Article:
At first, justice looked like it would come swiftly for Kristine Yitref. Police made an arrest just one day after her lifeless body was found by a chambermaid in a Times Square hotel.
More than eight years later, though, the man accused of strangling the 33-year-old still hasn’t been brought to trial. The case finally took a step forward when a judge said he would begin selecting a jury on July 6.
The suspect, a convicted sex offender named Clarence Dean, now ranks among the prisoners with the longest pretrial detentions in New York City’s swollen jails. Lengthy delays in criminal cases are common in the city’s courts, but even by those standards, his case is unusual.
It languished partly because of a long legal fight over the validity of forensic evidence involving a bite mark on the victim’s body. Lawyers, experts and a civil liberties group have been arguing for years over whether testimony from bite-mark analysts was reliable enough for use in a criminal courtroom.
Yitref’s family also hasn’t pushed prosecutors for a trial, which could dredge up painful memories of the dark turns her life took at the end, even before she met Dean.
Raised by a single mother in Washington in the shadow of Mount Rainier, Yitref was an aspiring fashion design student when she left home in the late 1990s. By the time she died, she was impoverished, addicted to drugs, working as a prostitute and had mysteriously lost a finger.
“I just think the big city swallowed her up,” said her aunt, Kristine Hamilton.
Dean was arrested on Aug. 31, 2007, two days after he abruptly checked out of the Hotel Carter, a shabby budget hotel where he had been staying for two weeks.
At the time, Dean was wanted in Alabama for failing to comply with a sex offender registry law, and wanted in Clarksville, Tennessee, where he had been accused of stealing a woman’s car and cleaning out her bank account. Dean was required to register as a sex offender because of a lewd act involving a child in Palm Beach, Florida.
Yitref’s body was found in Dean’s room after he checked out.
She had grown up in Yakima, Washington, with her mother, Geri Ann Johnson, and little sister Casandra. She was beautiful, tall and funny and smart, her younger cousins looked up to her, Hamilton said.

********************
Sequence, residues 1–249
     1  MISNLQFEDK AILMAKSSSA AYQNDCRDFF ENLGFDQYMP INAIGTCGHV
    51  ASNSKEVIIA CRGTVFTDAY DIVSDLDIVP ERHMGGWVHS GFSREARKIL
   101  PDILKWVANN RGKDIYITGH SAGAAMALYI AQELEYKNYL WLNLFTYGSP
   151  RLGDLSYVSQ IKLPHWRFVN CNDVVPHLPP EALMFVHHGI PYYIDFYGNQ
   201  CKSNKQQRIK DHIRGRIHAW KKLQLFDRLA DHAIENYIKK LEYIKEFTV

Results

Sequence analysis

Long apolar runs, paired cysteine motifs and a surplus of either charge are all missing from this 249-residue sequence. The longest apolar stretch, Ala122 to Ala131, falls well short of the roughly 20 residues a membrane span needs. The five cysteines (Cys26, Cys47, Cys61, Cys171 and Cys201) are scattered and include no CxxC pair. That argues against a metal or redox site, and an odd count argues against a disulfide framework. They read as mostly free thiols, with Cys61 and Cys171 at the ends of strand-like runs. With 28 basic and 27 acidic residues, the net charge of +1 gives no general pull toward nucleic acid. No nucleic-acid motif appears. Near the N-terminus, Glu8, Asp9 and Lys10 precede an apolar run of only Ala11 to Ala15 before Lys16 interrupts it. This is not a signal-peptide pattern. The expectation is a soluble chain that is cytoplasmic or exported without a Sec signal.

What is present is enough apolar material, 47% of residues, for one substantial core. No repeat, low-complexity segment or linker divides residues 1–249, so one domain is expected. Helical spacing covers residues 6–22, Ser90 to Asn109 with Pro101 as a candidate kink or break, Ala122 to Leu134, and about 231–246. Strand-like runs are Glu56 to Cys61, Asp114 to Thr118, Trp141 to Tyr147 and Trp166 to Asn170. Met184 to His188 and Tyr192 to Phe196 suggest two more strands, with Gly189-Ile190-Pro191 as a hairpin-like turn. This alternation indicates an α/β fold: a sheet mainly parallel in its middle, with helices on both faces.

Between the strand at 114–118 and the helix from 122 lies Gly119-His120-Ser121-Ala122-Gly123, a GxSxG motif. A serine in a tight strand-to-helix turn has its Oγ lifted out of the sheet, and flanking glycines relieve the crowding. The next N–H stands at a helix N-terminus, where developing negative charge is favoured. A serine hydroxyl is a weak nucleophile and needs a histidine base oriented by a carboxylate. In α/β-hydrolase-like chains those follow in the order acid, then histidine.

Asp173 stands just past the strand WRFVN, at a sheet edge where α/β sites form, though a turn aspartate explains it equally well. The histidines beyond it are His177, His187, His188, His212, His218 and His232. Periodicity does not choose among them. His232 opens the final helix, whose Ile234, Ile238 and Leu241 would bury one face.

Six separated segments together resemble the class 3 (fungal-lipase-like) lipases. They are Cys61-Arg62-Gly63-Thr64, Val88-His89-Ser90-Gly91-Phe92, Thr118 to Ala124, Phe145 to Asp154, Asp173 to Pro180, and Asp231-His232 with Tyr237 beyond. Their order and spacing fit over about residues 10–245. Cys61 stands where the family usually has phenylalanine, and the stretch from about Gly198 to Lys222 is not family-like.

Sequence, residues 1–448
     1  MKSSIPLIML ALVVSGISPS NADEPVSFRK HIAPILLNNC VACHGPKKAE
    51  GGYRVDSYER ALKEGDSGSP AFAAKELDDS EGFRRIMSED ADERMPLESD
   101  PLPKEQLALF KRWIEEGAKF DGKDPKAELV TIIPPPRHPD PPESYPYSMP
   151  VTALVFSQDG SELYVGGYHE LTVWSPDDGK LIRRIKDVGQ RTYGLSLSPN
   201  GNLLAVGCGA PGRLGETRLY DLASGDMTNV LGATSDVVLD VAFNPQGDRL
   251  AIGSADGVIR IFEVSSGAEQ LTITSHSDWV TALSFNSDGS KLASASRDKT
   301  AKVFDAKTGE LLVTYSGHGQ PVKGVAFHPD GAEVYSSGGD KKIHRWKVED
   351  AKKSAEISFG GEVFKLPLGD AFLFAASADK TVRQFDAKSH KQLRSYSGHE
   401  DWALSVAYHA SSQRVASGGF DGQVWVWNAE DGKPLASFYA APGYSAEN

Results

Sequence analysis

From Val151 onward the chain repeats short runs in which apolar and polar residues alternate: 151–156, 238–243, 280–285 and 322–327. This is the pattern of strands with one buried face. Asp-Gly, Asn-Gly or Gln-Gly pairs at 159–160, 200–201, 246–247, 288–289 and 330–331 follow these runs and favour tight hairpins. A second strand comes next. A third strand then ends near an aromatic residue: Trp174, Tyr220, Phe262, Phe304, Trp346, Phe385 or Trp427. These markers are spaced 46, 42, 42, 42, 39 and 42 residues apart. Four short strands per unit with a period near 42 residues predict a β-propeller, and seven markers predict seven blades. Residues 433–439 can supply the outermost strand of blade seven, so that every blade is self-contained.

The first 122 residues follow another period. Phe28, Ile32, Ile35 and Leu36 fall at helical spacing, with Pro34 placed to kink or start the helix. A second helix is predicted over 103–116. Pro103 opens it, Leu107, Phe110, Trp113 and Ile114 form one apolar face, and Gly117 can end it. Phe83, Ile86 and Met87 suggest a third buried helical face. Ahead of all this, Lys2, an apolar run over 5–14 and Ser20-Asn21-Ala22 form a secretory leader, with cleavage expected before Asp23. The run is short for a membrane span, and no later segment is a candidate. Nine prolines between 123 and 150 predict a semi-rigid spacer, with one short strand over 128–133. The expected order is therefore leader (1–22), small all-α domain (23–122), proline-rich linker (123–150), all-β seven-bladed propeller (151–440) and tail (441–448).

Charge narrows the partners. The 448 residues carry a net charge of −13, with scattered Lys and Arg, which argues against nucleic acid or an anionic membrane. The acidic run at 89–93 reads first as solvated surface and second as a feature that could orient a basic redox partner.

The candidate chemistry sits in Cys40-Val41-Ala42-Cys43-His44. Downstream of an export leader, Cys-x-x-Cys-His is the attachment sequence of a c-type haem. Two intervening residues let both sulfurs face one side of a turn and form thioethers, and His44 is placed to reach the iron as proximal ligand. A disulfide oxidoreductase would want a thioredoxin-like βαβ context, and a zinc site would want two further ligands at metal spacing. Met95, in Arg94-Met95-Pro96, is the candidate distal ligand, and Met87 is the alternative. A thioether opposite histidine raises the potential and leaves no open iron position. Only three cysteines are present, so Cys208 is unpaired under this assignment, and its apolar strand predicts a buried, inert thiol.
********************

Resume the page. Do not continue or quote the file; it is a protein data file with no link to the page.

Yitref left home in the late 1990s and eventually landed in New York. She enrolled in design school, hung out with hipsters and dated a photographer. But somewhere along the way, drugs took hold. When her mother died in 2004, she didn’t go back for the funeral.
“We never expected a turnaround like what happened,” Hamilton said.
In the year before her death, Yitref was arrested at least six times for prostitution and drugs.
After his arrest, Dean claimed self-defense. He told investigators he had brought Yitref to his hotel room after she propositioned him in the street. After she disrobed, though, he said, her pimp burst in and the two of them attacked him and tried to steal his bag. Dean acknowledged punching and choking Yitref but denied killing her. In his account, the pimp fled.
Up until this year, prosecutors with the Manhattan district attorney’s office had planned to use forensic comparison of a bite mark found on Yitref’s body to Dean’s teeth as evidence in the case.
The evidence was contested as junk science by Dean’s defense; at least 24 men convicted or charged with murder or rape based on bite marks found on victims have been exonerated in the U.S. since 2000. Litigation on the issue took up more than three years. A judge ruled in 2013 that the bite mark evidence could be used but never filed a written ruling.
The issue was still hanging over the trial when prosecutors in January informed the court that they no longer needed to present bite mark evidence at the trial to prove their case.
“Witnesses and the victim’s family, as well as the defendant, deserve to have this case resolved,” prosecutors wrote.
Dean is now 44. State law says most felony cases must be ready for trial within six months, but murder cases don’t have a speedy trial clock. The average time from arraignment to trial completion for a criminal case is about a year and a half in New York City. Authorities said there are at least three other suspects incarcerated since 2008 who remain jailed awaiting trial.
Dean’s lawyer had no comment.
While Yitref’s relatives seek justice, they dread the trial, Hamilton said.
“It brings up a lot of emotions,” she said. Dean’s tale of a robbery, she added, is surely a lie.
“He makes it look like she did something, she did something she shouldn’t have done and she ended up dead,” Hamilton said. “But nobody deserves to die like that.”